CSS Colors and Fonts

This tutorial is part of a web programming course for people who have no programming experience.

In this lesson we'll cover two very important topics in CSS, but they are both fairly straight forward so I decided to put them both into one lesson. Here is the HTML code that we'll be starting with:

<!DOCTYPE html>
        <title>CSS Colors and Text</title>
        <style type="text/css">


        <div class="happy">
            This is a happy DIV
        <div class="sad">
            This is a sad DIV
        <div class="blah">
            This is a blah DIV
        <div class="angry">
            This is a angry DIV


There are a few different ways that you can specify colors in CSS. We'll go through them one by one.

You can specify the name of a color (there are 140 color names that you can choose from, here is a reference that lists them). Go ahead and add this ruleset to the the STYLE element:

    background-color: yellow; 

If you want to have more than 140 choices of colors, you can use a hexidecimal value, which is a series of six numbers and/or letters. Here's a hex color reference that you can use to find hex colors. Note that when using hex colors, you must prefix the numbers letters with a hash tag ( # ), like so:

    background-color: #0000ff;

You can also specify colors using a mixture of rgb values (red, green, blue). Each value can range from 0 to 255.


Finally, you can use another variation of rgb colors by adding an a which stands for 'alpha'. The alpha setting allows you to set the transparency level of the color. The highest alpha level is 1, which means the color is completely opaque and will cover up any color that are beneath it. Using a value less than 1 allows you to make the color transparent, and this will allow and colors underneath to be seen. In the code sample below, I've set the alpha to .1, which means the color (red in this case) will be highly transparent and will appear on the page as a faint pink tinge.

    background-color: rgba(255,0,0,.1);


Let's start off by adding this ruleset inside the STYLE element:

    font-family: arial;
    font-style: oblique;
    font-size: 24px;

You can specify the type of font (aka the 'font family') by setting the font-family property in a ruleset. Most browsers only support a few families of fonts, such as Arial, Verdana, and Times New Roman. Within each family, there may be different variations, such a cursive, italic, and oblique. To chose a specific variation of a font family, you set the font-style property. The default setting for the font-style property is 'normal'. The font-size property allows you to set the size of the font. In the above code sample, we set it to pixels (px), but you can use percent, and a few other units of measure that we won't discuss right now.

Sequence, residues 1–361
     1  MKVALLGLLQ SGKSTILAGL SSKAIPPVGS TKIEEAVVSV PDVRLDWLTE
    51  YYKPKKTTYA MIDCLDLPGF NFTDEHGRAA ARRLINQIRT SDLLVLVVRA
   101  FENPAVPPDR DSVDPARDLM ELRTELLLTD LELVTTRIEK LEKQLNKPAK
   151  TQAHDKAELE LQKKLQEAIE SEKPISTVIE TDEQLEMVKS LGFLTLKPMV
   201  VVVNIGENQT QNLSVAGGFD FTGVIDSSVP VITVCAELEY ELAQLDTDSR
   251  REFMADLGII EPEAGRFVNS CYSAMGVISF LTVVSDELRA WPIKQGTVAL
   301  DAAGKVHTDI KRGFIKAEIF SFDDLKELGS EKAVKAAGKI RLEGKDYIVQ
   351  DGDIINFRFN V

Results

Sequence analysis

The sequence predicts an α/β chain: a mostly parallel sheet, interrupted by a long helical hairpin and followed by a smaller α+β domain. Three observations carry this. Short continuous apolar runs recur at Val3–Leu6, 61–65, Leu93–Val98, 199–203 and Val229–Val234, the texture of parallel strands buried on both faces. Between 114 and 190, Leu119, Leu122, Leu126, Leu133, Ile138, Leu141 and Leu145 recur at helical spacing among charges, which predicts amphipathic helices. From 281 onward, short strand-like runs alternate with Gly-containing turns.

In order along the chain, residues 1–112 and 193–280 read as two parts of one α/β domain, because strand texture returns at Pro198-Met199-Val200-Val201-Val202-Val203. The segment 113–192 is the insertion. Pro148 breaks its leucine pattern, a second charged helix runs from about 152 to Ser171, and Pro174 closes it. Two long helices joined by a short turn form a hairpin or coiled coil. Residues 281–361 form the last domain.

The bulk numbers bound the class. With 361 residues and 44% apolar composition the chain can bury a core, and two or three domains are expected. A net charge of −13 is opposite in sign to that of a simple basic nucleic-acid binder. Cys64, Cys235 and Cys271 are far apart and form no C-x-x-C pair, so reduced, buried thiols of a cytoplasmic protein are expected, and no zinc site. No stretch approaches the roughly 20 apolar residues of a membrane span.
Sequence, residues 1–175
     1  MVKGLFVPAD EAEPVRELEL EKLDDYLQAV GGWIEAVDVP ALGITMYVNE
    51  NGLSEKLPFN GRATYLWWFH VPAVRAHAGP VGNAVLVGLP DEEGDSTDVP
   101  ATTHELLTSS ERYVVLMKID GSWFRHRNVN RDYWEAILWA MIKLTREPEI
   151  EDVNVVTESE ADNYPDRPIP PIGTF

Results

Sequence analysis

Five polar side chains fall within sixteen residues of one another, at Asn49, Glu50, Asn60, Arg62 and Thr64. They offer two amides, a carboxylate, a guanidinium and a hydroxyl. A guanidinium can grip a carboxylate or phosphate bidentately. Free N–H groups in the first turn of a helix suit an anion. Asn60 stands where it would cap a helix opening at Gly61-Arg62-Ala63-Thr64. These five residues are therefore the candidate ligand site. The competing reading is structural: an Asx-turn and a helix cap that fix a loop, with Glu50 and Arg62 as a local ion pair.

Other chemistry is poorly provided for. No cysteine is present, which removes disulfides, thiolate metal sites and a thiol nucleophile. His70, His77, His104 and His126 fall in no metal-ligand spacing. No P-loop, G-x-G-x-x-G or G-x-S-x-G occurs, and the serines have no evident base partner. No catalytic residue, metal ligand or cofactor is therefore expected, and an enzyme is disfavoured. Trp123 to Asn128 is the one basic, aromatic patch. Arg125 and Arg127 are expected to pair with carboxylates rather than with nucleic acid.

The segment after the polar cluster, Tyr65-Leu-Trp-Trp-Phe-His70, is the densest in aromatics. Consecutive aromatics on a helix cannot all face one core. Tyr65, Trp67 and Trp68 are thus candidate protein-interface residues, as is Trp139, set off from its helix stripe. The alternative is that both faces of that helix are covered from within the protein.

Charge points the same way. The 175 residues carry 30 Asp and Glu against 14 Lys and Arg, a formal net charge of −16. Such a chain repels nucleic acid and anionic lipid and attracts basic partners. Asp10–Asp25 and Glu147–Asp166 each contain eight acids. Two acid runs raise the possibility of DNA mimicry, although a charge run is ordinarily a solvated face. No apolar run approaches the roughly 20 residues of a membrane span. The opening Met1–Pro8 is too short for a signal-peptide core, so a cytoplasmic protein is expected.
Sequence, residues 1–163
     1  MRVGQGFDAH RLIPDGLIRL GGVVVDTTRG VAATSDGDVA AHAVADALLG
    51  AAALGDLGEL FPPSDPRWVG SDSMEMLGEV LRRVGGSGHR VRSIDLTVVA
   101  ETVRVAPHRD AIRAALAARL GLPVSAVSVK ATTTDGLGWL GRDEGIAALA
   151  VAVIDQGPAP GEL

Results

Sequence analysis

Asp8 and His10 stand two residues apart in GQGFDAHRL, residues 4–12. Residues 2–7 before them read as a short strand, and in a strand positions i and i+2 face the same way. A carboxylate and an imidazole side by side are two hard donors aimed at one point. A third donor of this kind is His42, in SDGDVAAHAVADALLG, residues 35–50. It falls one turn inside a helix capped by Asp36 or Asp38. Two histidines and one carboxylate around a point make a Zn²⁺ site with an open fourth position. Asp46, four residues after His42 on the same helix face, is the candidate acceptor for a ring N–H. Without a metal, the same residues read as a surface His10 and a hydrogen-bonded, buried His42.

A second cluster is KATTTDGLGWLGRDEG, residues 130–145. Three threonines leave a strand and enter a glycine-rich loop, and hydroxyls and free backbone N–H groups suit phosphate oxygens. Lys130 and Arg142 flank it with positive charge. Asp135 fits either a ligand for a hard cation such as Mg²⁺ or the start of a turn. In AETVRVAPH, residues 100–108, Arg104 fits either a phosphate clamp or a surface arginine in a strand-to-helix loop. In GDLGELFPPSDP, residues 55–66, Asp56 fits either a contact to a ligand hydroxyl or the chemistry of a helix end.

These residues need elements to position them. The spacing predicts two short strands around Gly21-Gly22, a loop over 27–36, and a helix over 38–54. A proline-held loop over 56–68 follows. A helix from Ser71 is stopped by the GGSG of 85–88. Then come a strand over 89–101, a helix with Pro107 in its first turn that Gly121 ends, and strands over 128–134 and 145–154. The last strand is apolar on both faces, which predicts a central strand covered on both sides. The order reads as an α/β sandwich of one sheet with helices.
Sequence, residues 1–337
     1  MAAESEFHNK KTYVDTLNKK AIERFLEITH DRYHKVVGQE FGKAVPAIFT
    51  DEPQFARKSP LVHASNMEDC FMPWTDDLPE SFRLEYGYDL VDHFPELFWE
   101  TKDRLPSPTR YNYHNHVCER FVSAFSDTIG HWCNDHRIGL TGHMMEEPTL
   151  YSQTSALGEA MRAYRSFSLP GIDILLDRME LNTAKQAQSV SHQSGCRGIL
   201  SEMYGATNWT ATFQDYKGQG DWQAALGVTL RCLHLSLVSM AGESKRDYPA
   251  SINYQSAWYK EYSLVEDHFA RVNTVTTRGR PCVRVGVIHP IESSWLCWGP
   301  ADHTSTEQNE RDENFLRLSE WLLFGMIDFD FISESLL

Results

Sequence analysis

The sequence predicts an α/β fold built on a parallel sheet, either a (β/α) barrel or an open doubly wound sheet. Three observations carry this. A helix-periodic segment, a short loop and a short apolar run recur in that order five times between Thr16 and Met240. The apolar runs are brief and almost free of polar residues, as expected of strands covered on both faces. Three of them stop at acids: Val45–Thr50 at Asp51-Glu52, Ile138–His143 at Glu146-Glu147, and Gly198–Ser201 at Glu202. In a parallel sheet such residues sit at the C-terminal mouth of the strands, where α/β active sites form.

You could specify both the font family, and it's variation in a single line by setting the font-family property like so:

font-family: arial, italic;

Web Fonts

As mentioned, most browsers only support a few different font families out of the box, but you can import many many other types fonts. These are known as web fonts and there are quite a few web sites that offer many different fonts for you to chose from. We'll use Google Fonts to add more font families. Enter this URL into your browser to see all the fonts that you can use courtesy of Google: fonts.googel.com. Then scroll through the fonts until you find one you like. Here are the steps to import a font into your web page.

  1. Click on the font that you like
  2. Press the buton that says + Select this style, you'll see a window appear on the right side of the screen.
  3. Click on Embed
  4. Click on @import, you'll see a style elemnt appear with some code in it. Copy the code inside this style element and paste it into the STYLE element in our sample page. Make sure to paste it above all the rulesets that are inside the STYLE element. You've just imported the font into your webpage, so you can start to use it inside of your rulesets.
  5. Just below the code that you copied, you should see a code sample that shows you how to use the font in one of your rulesets. Copy that code and paste into the ruleset that in our sample page. The contents of your STYLE element should know look something like this (I chose the Lobster font):
@import url('https://fonts.googleapis.com/css2?family=Lobster&display=swap');

    font-family: arial;
    font-style: oblique; 
    font-size: 24px;

Go ahead and add this ruleset to apply the Lobster font to all DIV elements (I've added a few other properties to style the DIV elements):

    font-family: 'Lobster', cursive;
    color: white;
    font-size: 200%;
    line-height: 56px;
    text-align: center;